$2.90. Students $1.00 A.MS.
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Compus Barber Shop
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MCORPCRATED   Z"°    MA'v   i6~"G PAGE FOUR
THE   UBYSSEY
Tuesday, October 28, 1958
WOMEN'S
NOTICES
Girls Rules Basketball:
Practice: Tuesday, Oct. 28, at
4:30 in the Women's Gym.
Boys Rules Basketball:
Senior "A" vs Eilers "B" —
7:30 Wednesday, October 29—
John Oliver Gym.
Junior vs Eilers—7:30 October
30—Winston Churchill (54 th &
Heather).
Girls' Volleyball Schedule:
Game 1 to be played at 12:35;
October 28—
(1) PhB 1  vs. Nur. 1.
P.E. 1 vs Ed. 2
(2) W.R.  vs  New,
October 29—
(1) KAT vs ADP 1
ADP 2 vs P.E. 1
(2) PhAl vs AC
HA2 vs DPE
X-COUNTRY
Unexpected winners in the
B.C, Cross-Country Chamtpion-
ships was Ray Hampton of the
Vancouver Olympic Club.
Hampton won out over a field
of 32 runners including eleven
from UBC on a course of six and
a quarter miles held at Brockton Point, Saturday.
UBC's Jim Moore placed third
and teammate Jack Burnett
picked up a fifth place medal.
UBC's "A" team placed second to VOC and the "B" team
finished third.
.- Photo by Michael Sone
Defying UBC Thunderbirds' rushers is Whitworth Gary Turner (64) as his teammate, Von Buck (22) carries towards UBC line.
Rushing in from behind to attempt the stop is UBC's John Barberie (far left). UBC Jim Beck and Roy Jokanovich, (far right)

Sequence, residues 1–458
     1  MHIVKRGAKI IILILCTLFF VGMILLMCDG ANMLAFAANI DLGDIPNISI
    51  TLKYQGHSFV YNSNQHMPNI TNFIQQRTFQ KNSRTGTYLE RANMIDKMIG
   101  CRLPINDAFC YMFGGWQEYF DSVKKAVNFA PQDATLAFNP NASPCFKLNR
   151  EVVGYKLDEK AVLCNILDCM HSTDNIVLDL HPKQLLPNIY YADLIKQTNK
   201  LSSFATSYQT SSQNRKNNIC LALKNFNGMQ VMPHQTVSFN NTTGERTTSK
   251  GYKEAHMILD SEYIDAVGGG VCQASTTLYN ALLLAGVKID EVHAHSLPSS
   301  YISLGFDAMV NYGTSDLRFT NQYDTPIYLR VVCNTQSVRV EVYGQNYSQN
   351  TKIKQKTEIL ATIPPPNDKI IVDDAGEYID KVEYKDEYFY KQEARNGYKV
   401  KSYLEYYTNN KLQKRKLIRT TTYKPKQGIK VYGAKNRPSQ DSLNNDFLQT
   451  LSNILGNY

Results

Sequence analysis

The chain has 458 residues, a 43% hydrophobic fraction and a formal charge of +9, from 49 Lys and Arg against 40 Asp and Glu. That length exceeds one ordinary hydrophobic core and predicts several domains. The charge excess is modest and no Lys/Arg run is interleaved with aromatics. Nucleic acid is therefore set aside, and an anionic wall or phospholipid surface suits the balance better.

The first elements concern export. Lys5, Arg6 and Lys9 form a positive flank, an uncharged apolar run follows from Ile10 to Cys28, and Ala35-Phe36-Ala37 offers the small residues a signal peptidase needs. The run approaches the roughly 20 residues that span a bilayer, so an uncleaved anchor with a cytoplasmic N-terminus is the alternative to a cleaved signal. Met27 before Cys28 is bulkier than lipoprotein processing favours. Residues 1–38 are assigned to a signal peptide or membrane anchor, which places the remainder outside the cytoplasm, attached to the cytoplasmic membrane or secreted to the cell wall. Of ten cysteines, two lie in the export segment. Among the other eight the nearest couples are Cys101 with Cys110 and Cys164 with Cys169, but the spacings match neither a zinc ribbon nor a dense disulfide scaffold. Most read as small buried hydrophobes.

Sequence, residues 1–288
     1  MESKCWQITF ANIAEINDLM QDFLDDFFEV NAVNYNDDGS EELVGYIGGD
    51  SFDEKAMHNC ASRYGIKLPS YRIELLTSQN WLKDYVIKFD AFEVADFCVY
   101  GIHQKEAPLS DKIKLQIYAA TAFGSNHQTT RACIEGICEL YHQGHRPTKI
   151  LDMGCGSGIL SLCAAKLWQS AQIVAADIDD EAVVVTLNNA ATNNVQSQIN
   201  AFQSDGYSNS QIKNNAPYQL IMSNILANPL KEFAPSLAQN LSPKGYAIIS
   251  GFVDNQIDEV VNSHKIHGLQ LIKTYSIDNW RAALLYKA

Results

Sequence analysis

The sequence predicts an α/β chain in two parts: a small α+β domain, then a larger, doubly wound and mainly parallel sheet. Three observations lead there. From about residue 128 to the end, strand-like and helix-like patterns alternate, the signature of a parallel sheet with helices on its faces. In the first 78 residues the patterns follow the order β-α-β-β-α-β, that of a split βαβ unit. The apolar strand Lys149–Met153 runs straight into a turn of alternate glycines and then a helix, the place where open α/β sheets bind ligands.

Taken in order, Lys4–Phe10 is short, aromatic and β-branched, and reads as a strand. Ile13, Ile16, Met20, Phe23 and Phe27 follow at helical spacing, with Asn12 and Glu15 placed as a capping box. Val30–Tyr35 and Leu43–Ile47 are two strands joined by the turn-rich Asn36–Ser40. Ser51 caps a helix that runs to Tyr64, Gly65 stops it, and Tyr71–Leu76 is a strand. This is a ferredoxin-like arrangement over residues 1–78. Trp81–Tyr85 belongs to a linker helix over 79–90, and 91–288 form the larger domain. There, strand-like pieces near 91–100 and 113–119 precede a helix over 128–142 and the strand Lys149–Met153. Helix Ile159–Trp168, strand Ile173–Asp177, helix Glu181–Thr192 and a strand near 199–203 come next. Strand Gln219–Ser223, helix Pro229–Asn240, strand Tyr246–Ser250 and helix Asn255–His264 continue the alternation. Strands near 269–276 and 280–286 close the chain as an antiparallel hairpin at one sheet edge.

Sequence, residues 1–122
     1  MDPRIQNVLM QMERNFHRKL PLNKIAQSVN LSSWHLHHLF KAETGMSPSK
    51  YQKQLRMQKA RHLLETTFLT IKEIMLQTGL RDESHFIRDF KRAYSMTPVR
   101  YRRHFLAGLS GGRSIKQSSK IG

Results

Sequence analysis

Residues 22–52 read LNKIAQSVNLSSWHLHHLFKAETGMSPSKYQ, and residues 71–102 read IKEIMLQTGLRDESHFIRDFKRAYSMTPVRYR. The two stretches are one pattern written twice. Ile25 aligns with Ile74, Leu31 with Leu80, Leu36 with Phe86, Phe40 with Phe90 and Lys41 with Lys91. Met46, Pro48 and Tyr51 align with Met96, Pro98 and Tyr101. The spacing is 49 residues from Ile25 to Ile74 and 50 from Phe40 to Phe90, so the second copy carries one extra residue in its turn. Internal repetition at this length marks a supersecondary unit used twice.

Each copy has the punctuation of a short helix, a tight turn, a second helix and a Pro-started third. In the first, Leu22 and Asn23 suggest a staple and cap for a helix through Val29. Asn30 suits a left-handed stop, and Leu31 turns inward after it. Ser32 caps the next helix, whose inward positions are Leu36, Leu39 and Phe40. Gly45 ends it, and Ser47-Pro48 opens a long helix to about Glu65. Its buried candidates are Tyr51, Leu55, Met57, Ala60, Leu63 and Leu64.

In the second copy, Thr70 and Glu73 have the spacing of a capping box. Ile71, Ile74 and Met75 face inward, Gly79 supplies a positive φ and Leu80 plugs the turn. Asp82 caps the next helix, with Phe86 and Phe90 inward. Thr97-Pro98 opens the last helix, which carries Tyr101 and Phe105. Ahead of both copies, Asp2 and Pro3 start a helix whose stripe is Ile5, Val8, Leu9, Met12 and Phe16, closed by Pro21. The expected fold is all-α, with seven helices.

head in to support Barberie.   Whitworth beat the Birds 28-7 in an interesting football game played before 2,20.0 fans.
THUNDERBIRDS FAIL TO CLICK,
STOPPED BY STRONG WHITWORTH
By BOB BUSH
Injury prone UBC Thunderbirds ran out of drive as they went to their first defeat in three games. Saturday afternoon, the
powerful and strong Whitworth Pirates stopped the Birds' attempt for three consecutive wins with a 28-7 dubbing in an action tilled
exhibition Evergreen Conference Football game played at UBC  Stadium before 2,200 fans.
UBC, never fully picking up spirit or spark, found it necessary to pace themselves while the stronger Pirates kept  rolling  up
yardage. Already lacking in reserve strength, the Thunderbirds now
have the added worries of finding a replacement for speedy ground
gainer, Don Vassos. Vassos received a shoulder injury that will
keep him out of action for at least one game
Breaking the Birds back were the tremendous and unbelievable catches made by thundering Whitworth end, Bill Cole.
UBC got off to a penetrating
start as they brought the ball up
field from the opening kick.
Vassos carried the kick back up
SPORTS EDITOR,
Deskmen: — Irene  Frazer,
Audrey Ede, Mike Sone, Alan
For the first time all three
UBC men's grass hockey teams
were triumphant against competition in A and B league play.
On Saturday, at Chris Spencer
Field the Varsity eleven whitewashed India 4-0 in a rough A
division game. Vic Warren and
Nelson Forward accounted for
Varsity scoring with two goals
apiece.
Meanwhile Golds edged India
B squad 1-0 in another roughly
played contest. Dave Epp fired {
BOB BUSH
Elaine Spurrill, Flora MacLeod,
Dafoe, Tony Morrison, T. Smith  *° his °wn 48 before being stopped.    On a UBC fumble on the
 „____ - j pirates' 49-yard    marker,    Jim
Beck recovered for UBC. Going
into punting formation, Roy